What has four legs, four eyes, moves on six wheels and is jam-packed with energy, creativity, and fun education? I'm sure you guessed the answer. In just a few days, Suzette Allen and Jonny Yoshinaga are going to kick off an incredible adventure. It's a photographic tour, unlike anything any of us have experienced. Even better, there's an opportunity for so many of you to be involved.
Years ago, my good buddy Tony Corbell got me using the word "knucklehead." I use it as an expression of endearment, usually referencing somebody's incredible creativity, thought process, risk-taking, passion for life, or simply all of the above. Well, Suzette and Jonny are two of our favorite knuckleheads, and they're about to open their doors to everyone along their 13,000-mile teaching and sharing tour of the US.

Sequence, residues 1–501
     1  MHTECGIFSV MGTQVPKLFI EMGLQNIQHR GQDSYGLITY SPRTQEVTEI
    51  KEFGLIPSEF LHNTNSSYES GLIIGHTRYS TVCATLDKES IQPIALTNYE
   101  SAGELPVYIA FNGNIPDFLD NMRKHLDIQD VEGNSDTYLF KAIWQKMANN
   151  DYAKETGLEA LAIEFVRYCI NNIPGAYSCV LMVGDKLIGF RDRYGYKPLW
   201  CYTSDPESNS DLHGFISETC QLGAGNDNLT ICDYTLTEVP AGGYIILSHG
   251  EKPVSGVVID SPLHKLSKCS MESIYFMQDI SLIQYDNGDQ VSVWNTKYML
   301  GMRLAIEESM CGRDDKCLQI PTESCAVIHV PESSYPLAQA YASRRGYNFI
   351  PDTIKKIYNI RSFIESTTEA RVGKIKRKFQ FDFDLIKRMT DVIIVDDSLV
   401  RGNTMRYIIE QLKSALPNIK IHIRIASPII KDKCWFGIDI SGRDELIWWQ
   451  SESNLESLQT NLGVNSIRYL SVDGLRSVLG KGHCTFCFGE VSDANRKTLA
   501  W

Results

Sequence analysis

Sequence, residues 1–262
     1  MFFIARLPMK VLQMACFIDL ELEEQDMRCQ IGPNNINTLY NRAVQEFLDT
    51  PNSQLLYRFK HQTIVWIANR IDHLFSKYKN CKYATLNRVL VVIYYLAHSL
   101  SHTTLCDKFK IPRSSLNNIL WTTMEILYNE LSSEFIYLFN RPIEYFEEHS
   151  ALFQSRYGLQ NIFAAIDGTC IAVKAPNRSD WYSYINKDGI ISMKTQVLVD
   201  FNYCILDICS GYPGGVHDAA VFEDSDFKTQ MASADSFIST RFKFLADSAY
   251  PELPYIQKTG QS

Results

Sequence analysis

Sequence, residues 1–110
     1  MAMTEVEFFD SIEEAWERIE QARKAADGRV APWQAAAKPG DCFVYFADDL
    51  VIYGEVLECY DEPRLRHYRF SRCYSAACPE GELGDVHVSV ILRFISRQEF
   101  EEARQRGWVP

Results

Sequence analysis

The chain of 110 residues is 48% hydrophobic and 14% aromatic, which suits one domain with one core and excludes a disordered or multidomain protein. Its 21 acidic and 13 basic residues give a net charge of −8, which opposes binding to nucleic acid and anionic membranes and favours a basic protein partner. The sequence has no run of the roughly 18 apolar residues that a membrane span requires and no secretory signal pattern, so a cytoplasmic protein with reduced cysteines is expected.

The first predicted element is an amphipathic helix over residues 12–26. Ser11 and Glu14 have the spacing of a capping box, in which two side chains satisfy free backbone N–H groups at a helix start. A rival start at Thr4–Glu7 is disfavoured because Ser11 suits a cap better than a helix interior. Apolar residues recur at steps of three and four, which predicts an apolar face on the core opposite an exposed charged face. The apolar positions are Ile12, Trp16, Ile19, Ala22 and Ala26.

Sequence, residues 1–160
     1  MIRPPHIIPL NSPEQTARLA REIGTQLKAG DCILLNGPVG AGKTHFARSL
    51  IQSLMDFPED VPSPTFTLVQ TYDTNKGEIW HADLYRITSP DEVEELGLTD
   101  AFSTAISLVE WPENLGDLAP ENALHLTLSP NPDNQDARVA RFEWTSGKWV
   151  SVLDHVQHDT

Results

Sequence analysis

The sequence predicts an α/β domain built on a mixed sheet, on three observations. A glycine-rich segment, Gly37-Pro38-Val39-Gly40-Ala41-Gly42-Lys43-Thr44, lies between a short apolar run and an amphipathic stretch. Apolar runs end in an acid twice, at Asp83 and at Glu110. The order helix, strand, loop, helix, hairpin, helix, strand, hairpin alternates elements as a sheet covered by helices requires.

Supported by a stellar team of outstanding sponsors, you can be sure there will be plenty of surprises along the way.
It all kicks off on September 6 at Bay Photo with ten programs in just September alone! Programs like this don't come along very often. As one of the sponsors, we couldn't be more proud to be a part of the craziness and fun this team is about to share coast to coast. Remember, "fun?" It's one of those words that's too often lost in business today, but we're all in this business because we love it!
The program schedule just for September is below. Click on any program date for more information. And,click on the road map or the banner above to follow their complete schedule. Tune in here for weekly updates, podcasts and posts every Bubble Trailer Tuesday!
September Event Schedule
There's an incredible amount of helpful content on the WestcottU site. And it's all FREE.
It's "Wednesdays with Westcott," and I found the perfect piece of inspiration and support for a lot of you! Scrolling through, I found a topic that speaks to the help, so many of you need - product lighting. Now, before you roll your eyes, and suggest I don't know what I'm talking about because you don't do product shots and you're not a filmmaker.